in public schools are well aware of the fact that the Department of Education
issues "Dear Colleague" letters on many issues from time to time.
Often these create controversy and confusion. One of these, the November 16
Letter about a free appropriate public education, is discussed
“Dear colleague” Letter by the US Department of Education about a FAPE: A school attorney’s response
By Miriam Kurtzig Freedman
seven-page Letter tells educators—presumably, general and special educators—that
holding students with disabilities to “rigorous academic standards and high
expectations” is a “shared responsibility for all of us,” and that these
students should be taught the “same challenging academic content and
achievement standards [as] all children in the State”… at the “grade level in
which the child is enrolled” The Letter raises many concerns.
First, it is unclear whether the general
education teachers and administrators’ perspective was taken into account. Their voice and leadership in this “shared responsibility,”
especially as most services are provided in general education classrooms, is vital.
Two special education Department offices authored this Letter—OSEP
(Office of Special Education) and OSERS (Office of Special Education and
Rehabilitative Services). Where is general education’s OESE—Office of
Elementary and Secondary Education?
While this Letter presumes to be about special education, it is
also very much about general education.
OESE needs to be at the planning table especially since the Letter
urges the same standards for all students “regardless of nature or severity of
the disability.” Without input from
general education, this Letter is simply a one-sided approach—like the
tail wagging the dog.
Second, while no one disagrees about
the importance of holding all students to high standards and expectations, I
fear that the Letter downplays the cornerstone of special education law—individualization. The Individuals with Disabilities Education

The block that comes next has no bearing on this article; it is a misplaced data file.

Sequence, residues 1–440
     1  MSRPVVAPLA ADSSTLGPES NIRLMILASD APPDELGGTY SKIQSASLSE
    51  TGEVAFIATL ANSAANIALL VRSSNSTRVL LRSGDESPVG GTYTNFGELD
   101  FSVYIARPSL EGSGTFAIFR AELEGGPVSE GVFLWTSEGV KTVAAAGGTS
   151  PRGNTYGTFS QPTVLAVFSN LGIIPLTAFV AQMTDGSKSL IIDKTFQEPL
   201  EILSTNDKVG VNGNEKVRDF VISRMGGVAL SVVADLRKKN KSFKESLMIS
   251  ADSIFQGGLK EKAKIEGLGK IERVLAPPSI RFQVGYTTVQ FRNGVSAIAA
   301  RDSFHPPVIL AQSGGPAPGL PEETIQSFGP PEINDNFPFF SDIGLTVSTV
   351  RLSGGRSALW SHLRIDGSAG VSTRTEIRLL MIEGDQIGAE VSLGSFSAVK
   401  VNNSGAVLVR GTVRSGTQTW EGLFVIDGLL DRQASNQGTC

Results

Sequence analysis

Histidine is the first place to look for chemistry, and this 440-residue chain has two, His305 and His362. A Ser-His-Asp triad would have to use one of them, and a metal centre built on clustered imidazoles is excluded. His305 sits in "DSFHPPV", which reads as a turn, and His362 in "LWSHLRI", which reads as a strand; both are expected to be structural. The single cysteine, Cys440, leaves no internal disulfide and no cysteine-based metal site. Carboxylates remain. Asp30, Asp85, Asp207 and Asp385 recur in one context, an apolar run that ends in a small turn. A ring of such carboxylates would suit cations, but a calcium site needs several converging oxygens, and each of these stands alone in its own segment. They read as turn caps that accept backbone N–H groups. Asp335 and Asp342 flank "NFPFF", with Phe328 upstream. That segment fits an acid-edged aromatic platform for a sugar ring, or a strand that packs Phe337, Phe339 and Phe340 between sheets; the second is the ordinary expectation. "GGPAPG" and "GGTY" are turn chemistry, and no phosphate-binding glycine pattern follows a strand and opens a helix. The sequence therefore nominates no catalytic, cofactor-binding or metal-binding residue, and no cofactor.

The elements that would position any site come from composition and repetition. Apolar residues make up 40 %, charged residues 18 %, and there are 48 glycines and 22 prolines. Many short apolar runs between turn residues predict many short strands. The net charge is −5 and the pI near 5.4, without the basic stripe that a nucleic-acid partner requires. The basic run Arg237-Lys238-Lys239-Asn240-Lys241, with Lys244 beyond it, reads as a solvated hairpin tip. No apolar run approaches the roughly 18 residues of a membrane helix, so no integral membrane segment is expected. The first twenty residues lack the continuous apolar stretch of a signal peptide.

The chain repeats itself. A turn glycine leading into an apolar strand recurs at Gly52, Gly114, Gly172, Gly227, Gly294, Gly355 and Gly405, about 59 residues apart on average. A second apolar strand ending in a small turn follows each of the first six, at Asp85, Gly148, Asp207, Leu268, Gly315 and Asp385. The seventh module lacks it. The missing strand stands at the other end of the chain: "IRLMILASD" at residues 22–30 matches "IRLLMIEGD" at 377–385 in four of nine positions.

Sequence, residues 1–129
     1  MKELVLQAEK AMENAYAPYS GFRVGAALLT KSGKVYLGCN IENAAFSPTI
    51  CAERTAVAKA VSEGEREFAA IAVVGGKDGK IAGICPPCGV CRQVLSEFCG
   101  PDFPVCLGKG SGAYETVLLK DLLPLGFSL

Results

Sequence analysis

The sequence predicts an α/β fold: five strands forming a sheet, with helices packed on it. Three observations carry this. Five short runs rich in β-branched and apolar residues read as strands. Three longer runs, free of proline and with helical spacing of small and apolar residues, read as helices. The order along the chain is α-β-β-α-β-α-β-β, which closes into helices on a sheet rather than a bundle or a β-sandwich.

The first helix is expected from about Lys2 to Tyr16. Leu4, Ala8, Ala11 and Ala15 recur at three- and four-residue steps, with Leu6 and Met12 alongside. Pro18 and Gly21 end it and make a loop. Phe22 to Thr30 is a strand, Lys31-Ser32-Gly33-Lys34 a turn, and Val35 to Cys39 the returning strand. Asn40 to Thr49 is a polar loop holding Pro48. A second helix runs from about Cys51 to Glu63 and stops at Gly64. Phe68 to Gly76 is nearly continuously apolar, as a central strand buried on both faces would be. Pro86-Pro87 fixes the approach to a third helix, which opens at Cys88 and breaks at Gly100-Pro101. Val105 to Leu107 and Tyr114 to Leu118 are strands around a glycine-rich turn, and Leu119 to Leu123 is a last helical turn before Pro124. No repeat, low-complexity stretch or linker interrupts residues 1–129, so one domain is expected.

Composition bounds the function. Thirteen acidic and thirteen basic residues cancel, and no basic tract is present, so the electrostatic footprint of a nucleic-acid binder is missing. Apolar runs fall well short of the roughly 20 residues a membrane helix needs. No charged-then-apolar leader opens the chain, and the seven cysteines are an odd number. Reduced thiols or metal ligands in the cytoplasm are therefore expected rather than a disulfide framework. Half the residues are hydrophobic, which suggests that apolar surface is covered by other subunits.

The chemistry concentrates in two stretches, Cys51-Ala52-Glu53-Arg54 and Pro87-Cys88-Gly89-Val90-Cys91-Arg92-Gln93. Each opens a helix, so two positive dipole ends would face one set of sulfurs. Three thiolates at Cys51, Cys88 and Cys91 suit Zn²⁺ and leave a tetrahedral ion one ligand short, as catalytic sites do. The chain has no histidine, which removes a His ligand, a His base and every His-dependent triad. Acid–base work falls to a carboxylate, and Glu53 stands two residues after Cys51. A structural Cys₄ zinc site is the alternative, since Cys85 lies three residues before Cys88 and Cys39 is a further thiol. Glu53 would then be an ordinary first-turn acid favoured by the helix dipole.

Act (IDEA) provides services to meet eligible students’ unique needs. Yet, this
Letter appears to gloss over the reality that, even with similar
curricular standards, students’ rate of learning and ability to master skills
and concepts will differ, as they are impacted by the nature and severity of
their disability. The concept of “closing
the gap” (Letter, at page 5), while prominent in this Letter, is
inconsistent with the IDEA!
education focuses on whether students make gains in their areas of need—not on how
they measure up against others. For some students with disabilities, the gap
between them and their non-disabled peers will widen over time. That does not mean per se that they are failing to learn, or that their teachers are
failing to teach them. Sadly, this Letter leads us to see failure even
when students succeed—in direct contrast to the law’s mission and good
Third, in order to include students
with disabilities in general education settings, this Letter favors the
use of modifications of assignments, audio and other aids—inadvertently
creating a trap for schools. Such methods often bypass the student’s unique
needs and entitlement to a FAPE (free appropriate public education). The sad
reality is that schools that follow this Letter’s approach may lose at
due process hearings and in the courts because the approach can be viewed as a
way to get students to “pass” and get “through” school—without providing the individualized
benefit the law requires.
sum, general education teachers and administrators who currently work in our
schools need to lead the effort and be at the table to build schools that truly
educate all students—from the most needy to the most advanced. Their input is especially vital now, given
the Department’s push for inclusion to occur in general education classrooms. The Department should aid schools in their
efforts to comply with current legal mandates, not divert them to paths that
contradict the law.
Miriam Kurtzig Freedman has written six books
(including the influential Fixing Special Education) on law and education and has
spent her career in public education as a teacher, hearing officer, and an attorney representing public schools.